apprehend

apprehend
verb Etymology: Middle English, from Latin apprehendere, literally, to seize, from ad- + prehendere to seize — more at get Date: 15th century transitive verb 1. arrest, seize <
apprehend a thief
>
2. a. to become aware of ; perceive b. to anticipate especially with anxiety, dread, or fear 3. to grasp with the understanding ; recognize the meaning of intransitive verb understand, grasp

New Collegiate Dictionary. 2001.

Synonyms:

Look at other dictionaries:

  • Apprehend — Ap pre*hend ([a^]p pr[ e]*h[e^]nd ), v. t. [imp. & p. p. {Apprehended}; p. pr. & vb. n. {Apprehending}.] [L. apprehendere; ad + prehendere to lay hold of, seize; prae before + hendere (used only in comp.); akin to Gr. chanda nein to hold, contain …   The Collaborative International Dictionary of English

  • apprehend — 1 *arrest, detain, attach Analogous words: seize, *take: capture, *catch Contrasted words: release, discharge, liberate, *free 2 Apprehend, comprehend mean to lay hold of something with the mind so as to know it but together …   New Dictionary of Synonyms

  • apprehend — apprehend, comprehend In the meanings in which they overlap, these two words denote slightly different aspects of understanding. Apprehend means to grasp or perceive a general idea or concept, whereas comprehend means to understand an argument or …   Modern English usage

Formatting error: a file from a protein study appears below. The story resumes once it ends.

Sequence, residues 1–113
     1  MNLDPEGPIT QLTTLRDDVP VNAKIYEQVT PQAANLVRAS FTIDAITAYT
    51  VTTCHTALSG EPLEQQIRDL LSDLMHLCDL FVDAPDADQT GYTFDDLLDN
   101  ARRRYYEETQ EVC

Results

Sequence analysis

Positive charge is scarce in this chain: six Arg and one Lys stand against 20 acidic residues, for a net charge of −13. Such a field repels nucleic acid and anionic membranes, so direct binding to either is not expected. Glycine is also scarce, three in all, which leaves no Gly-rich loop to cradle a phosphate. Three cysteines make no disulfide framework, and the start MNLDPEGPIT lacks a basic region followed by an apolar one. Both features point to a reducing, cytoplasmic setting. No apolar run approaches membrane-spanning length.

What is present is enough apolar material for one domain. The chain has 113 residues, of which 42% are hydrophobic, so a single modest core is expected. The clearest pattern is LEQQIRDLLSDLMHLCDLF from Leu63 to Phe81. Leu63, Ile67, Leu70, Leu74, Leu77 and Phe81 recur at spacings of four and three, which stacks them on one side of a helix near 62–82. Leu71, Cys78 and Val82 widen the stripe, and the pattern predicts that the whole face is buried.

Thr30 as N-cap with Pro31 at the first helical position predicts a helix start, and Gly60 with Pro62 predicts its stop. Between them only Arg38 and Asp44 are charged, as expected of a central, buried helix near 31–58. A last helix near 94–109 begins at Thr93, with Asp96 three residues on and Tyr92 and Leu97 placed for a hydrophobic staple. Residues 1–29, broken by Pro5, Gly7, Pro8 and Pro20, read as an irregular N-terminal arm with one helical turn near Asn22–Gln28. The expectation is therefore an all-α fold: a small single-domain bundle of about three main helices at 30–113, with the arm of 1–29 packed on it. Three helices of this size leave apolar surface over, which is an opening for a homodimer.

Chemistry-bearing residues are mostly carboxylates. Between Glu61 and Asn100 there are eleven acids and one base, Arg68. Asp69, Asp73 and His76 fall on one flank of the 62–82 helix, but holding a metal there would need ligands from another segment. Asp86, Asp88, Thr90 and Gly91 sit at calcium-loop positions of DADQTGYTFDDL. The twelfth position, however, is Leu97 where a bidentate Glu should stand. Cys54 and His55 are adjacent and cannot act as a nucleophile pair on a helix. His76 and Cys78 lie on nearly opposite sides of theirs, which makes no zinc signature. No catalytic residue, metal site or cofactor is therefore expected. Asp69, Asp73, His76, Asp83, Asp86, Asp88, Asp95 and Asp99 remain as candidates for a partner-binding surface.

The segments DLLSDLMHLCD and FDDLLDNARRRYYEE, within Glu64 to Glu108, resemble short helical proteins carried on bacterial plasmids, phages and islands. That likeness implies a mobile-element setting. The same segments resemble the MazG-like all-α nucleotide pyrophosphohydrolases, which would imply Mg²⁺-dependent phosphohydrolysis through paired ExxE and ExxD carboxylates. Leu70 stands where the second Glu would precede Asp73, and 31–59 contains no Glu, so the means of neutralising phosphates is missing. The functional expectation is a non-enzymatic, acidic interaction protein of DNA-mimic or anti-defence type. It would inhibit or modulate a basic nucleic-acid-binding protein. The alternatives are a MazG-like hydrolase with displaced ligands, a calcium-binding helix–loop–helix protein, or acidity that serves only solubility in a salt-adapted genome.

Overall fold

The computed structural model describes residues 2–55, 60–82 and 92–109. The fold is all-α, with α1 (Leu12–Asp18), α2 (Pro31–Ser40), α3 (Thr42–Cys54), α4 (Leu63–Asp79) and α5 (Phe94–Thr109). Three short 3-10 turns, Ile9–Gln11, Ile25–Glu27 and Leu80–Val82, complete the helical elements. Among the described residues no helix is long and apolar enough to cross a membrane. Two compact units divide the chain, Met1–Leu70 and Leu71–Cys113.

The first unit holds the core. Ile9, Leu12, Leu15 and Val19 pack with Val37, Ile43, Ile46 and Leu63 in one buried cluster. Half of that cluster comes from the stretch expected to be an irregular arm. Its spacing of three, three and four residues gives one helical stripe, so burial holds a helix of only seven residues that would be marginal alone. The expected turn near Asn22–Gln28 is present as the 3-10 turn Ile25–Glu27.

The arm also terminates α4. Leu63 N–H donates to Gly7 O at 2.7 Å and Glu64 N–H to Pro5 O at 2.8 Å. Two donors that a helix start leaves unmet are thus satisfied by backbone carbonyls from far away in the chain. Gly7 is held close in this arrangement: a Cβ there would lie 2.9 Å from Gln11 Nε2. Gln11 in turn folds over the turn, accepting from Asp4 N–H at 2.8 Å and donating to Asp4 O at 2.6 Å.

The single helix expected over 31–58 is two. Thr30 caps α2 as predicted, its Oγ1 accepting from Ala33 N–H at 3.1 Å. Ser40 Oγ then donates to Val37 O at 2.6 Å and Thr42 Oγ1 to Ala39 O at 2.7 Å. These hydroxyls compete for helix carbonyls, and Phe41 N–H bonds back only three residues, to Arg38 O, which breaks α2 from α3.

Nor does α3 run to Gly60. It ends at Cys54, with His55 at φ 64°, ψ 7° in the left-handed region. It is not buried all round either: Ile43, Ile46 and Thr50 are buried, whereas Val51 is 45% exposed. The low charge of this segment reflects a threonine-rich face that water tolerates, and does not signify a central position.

• Apprehend — Ap pre*hend , v. i. 1. To think, believe, or be of opinion; to understand; to suppose. [1913 Webster] 2. To be apprehensive; to fear. [1913 Webster] It is worse to apprehend than to suffer. Rowe. [1913 Webster] …   The Collaborative International Dictionary of English

  • apprehend — ap·pre·hend /ˌa prə hend/ vt [Latin apprehendere to seize, arrest, from ad to + prehendere to seize]: arrest Merriam Webster’s Dictionary of Law. Merriam Webster. 1996 …   Law dictionary

  • apprehend — [v1] catch and arrest bag*, bust*, capture, collar, cop*, grab, nab, nail*, place under arrest, run in, seize, take in, take into custody, take prisoner; concepts 90,191,317 Ant. lose, not catch apprehend [v2] understand absorb, accept,… …   New thesaurus

  • apprehend — (v.) mid 14c., to grasp in the senses or mind, from O.Fr. aprendre (12c.) teach; learn; take, grasp; acquire, or directly from L. apprehendere to take hold of, grasp, from ad to + prehendere to seize (see PREHENSILE (Cf. prehensile)). Metaphoric… …   Etymology dictionary

  • apprehend — ► VERB 1) intercept in the course of unlawful or wrongful action. 2) seize or arrest. 3) understand; perceive. 4) archaic anticipate with fear or unease. ORIGIN Latin apprehendere, from prehendere lay hold of …   English terms dictionary

  • apprehend — [ap΄rē hend′, ap΄rihend′] vt. [ME apprehenden < LL apprehendere, to understand < L, to take hold of < ad , to + prehendere: see PREHENSILE] 1. to take into custody; capture or arrest 2. to take hold of mentally; perceive; understand 3.… …   English World dictionary

  • apprehend — ap|pre|hend [ˌæprıˈhend] v [T] [Date: 1300 1400; : Latin; Origin: apprehendere to take hold of , from ad to + prehendere to seize ] 1.) formal if the police apprehend a criminal, they catch him or her = ↑arrest ▪ The police have failed to… …   Dictionary of contemporary English

  • apprehend — [[t]æ̱prɪhe̱nd[/t]] apprehends, apprehending, apprehended 1) VERB If the police apprehend someone, they catch them and arrest them. [FORMAL] [V n] Police have not apprehended her killer. Syn: catch 2) VERB If you apprehend something, you… …   English dictionary

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